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J Dent Res. 2011 Jan;90(1):18-30. doi: 10.1177/0022034510378429. Epub 2010 Sep 21.

Application of polychromatic µCT for mineral density determination.

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Biomaterials Research Unit, Faculty of Dentistry, University of Sydney, Sydney Dental Hospital, 2 Chalmers Street, Surry Hills, NSW 2010, Australia.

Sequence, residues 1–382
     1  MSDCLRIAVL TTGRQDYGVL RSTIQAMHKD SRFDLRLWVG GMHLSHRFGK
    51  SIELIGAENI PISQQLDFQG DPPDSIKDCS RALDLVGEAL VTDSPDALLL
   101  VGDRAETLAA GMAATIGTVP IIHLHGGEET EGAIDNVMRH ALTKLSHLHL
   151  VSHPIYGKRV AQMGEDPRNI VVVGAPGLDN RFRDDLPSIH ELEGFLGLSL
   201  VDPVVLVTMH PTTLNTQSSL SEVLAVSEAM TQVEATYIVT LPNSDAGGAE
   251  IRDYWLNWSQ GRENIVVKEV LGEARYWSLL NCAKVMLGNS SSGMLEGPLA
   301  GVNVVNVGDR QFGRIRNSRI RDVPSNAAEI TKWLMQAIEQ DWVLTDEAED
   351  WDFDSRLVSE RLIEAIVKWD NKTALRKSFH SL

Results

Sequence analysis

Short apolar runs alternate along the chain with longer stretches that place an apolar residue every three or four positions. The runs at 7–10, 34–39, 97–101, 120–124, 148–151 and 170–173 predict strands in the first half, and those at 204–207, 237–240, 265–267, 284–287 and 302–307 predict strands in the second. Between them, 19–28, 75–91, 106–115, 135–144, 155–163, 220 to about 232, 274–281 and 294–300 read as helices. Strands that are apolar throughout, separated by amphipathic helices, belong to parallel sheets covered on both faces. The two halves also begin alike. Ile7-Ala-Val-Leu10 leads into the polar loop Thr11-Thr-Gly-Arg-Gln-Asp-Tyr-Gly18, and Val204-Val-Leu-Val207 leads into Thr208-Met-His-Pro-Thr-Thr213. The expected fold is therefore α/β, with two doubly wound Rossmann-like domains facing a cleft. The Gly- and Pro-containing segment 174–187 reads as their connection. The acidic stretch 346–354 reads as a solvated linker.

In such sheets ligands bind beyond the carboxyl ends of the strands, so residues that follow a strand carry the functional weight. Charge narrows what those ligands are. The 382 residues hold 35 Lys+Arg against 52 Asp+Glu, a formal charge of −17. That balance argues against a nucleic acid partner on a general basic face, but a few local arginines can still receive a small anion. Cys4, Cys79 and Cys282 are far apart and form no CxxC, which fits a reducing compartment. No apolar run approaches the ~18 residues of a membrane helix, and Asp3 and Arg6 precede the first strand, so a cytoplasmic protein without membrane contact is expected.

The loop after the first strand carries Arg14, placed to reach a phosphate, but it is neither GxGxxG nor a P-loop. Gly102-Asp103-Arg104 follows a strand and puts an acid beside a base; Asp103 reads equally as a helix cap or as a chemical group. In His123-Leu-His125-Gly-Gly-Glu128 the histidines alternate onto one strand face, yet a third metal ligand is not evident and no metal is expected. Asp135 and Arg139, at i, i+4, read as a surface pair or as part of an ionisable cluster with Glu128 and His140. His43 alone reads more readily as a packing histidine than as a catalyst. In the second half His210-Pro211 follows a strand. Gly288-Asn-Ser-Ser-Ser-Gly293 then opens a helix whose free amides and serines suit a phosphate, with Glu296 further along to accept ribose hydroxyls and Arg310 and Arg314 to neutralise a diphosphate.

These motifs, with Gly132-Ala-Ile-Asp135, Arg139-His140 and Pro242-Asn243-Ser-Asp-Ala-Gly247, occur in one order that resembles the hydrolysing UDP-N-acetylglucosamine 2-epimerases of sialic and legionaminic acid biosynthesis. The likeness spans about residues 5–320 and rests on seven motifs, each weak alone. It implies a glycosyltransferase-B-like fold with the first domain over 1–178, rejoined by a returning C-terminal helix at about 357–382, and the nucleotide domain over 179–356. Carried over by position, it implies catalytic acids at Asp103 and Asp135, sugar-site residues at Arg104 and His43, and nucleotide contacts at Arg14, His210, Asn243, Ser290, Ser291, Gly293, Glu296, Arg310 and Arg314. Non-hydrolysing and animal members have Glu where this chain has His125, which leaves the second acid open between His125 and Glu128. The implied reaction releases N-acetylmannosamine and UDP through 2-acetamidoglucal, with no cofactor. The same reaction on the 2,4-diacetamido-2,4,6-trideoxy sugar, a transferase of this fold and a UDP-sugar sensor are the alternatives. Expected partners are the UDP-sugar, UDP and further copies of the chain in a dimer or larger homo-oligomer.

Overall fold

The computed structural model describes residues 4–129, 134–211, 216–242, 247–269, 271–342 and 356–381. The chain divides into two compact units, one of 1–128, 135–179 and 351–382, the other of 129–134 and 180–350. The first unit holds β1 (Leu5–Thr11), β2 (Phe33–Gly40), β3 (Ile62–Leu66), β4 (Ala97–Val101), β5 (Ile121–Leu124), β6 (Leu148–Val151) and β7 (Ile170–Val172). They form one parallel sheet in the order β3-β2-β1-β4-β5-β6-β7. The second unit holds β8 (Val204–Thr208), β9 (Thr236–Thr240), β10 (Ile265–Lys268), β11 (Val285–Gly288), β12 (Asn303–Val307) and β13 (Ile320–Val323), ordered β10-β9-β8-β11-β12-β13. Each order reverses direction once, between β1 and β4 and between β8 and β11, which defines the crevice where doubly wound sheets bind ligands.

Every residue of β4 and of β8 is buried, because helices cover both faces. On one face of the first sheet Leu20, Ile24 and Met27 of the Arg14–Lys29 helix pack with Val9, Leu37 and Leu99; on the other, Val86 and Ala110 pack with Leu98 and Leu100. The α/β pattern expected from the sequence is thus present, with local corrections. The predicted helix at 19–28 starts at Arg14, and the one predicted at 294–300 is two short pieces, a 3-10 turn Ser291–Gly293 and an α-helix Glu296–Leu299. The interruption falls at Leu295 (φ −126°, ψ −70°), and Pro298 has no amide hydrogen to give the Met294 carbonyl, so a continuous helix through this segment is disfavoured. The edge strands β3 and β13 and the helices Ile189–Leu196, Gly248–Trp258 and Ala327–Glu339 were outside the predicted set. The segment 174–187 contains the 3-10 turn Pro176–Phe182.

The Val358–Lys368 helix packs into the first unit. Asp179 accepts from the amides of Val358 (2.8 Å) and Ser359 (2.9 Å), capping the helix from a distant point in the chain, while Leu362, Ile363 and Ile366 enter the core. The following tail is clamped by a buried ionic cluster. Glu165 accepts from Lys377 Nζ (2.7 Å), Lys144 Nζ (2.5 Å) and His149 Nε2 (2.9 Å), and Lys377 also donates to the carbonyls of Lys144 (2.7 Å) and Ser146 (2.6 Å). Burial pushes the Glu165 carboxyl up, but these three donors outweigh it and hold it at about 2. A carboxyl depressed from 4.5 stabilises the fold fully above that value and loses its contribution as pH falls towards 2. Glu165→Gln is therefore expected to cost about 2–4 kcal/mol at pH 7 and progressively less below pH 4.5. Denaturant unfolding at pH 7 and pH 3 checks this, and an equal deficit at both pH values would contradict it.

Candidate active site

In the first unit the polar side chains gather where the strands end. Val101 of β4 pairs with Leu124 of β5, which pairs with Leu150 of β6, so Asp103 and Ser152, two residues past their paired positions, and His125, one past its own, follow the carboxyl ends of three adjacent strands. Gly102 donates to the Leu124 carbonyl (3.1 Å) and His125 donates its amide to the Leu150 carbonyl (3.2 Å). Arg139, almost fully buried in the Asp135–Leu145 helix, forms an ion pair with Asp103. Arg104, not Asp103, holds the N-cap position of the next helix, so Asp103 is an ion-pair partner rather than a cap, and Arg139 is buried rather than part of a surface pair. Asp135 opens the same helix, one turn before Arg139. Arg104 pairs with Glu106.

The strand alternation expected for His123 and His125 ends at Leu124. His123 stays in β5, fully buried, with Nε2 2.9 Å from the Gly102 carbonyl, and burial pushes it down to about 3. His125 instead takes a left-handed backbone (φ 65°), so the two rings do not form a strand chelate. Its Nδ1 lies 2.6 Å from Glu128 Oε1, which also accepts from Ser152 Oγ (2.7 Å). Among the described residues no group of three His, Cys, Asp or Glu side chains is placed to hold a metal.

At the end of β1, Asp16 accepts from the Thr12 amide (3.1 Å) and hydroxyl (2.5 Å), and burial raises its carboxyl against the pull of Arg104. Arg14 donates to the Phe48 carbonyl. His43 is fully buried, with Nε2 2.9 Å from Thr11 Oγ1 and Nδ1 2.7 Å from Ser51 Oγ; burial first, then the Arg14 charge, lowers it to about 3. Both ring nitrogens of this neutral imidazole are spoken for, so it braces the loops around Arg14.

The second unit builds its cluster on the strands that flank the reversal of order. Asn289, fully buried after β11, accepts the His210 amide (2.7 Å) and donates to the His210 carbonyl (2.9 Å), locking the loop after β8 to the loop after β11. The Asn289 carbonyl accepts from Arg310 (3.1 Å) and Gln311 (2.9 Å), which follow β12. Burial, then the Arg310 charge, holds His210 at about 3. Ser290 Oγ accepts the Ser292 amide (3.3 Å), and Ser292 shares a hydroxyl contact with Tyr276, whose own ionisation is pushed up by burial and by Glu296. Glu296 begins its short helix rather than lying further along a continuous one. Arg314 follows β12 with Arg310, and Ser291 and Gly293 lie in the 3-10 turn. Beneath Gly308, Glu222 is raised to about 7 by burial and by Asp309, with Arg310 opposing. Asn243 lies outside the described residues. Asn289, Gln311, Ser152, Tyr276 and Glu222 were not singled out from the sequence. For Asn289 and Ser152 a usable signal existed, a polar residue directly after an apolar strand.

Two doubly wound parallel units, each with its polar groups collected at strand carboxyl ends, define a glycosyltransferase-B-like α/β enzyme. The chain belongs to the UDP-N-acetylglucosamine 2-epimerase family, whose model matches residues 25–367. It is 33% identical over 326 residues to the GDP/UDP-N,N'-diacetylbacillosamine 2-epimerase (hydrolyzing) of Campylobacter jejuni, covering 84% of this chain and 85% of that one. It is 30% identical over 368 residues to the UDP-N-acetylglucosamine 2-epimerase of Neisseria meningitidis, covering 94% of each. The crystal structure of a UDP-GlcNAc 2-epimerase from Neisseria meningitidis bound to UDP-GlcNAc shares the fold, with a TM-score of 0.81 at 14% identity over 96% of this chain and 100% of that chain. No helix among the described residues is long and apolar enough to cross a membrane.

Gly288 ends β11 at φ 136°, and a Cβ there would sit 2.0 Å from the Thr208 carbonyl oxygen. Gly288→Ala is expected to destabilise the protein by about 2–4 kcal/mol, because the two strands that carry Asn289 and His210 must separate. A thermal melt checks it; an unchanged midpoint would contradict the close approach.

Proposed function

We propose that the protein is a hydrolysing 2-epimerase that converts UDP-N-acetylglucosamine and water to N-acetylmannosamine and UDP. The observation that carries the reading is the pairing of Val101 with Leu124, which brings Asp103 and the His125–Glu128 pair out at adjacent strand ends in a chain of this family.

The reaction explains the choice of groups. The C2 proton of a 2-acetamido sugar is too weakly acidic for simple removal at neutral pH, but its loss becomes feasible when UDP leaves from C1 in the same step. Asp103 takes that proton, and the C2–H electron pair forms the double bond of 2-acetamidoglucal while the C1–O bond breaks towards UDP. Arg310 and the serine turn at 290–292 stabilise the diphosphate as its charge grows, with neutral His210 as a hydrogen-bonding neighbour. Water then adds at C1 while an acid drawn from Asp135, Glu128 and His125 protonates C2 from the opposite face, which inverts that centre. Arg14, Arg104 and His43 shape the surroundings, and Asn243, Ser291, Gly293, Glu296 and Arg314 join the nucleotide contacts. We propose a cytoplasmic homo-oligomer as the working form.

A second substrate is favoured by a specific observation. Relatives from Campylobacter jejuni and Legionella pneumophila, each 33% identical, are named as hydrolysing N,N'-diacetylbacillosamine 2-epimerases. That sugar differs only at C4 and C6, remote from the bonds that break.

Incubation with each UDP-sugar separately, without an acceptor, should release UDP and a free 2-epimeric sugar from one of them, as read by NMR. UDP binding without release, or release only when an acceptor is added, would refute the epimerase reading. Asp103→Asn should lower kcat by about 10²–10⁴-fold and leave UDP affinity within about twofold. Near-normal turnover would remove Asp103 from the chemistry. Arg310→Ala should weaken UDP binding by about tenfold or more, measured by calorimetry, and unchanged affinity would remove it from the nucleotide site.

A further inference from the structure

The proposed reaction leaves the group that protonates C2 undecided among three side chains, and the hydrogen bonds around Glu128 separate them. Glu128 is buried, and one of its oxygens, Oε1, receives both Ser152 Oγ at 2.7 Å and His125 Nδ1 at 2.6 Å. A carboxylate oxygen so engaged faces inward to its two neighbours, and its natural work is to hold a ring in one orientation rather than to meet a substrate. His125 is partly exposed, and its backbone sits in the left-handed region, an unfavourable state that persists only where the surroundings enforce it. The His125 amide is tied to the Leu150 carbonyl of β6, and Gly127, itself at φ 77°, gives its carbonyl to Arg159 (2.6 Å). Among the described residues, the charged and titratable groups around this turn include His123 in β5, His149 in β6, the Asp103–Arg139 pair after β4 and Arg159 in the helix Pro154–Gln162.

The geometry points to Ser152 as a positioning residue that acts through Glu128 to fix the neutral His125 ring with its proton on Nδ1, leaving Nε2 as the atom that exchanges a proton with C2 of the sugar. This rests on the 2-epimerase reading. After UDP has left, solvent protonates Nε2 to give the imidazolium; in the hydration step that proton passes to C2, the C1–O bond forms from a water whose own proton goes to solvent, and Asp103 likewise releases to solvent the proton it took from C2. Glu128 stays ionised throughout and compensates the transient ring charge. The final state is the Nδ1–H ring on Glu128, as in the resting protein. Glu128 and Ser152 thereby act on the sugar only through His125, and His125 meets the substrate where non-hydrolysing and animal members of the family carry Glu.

Accurate assessment of mineral density (MD) provides information critical to the understanding of mineralization processes of calcified tissues, including bones and teeth. High-resolution three-dimensional assessment of the MD of teeth has been demonstrated by relatively inaccessible synchrotron radiation microcomputed tomography (SRµCT). While conventional desktop µCT (CµCT) technology is widely available, polychromatic source and cone-shaped beam geometry confound MD assessment. Recently, considerable attention has been given to optimizing quantitative data from CµCT systems with polychromatic x-ray sources. In this review, we focus on the approaches that minimize inaccuracies arising from beam hardening, in particular, beam filtration during the scan, beam-hardening correction during reconstruction, and mineral density calibration. Filtration along with lowest possible source voltage results in a narrow and near-single-peak spectrum, favoring high contrast and minimal beam-hardening artifacts. More effective beam monochromatization approaches are described. We also examine the significance of beam-hardening correction in determining the accuracy of mineral density estimation. In addition, standards for the calibration of reconstructed grey-scale attenuation values against MD, including K(2)PHO(4) liquid phantom, and polymer-hydroxyapatite (HA) and solid hydroxyapatite (HA) phantoms, are discussed.

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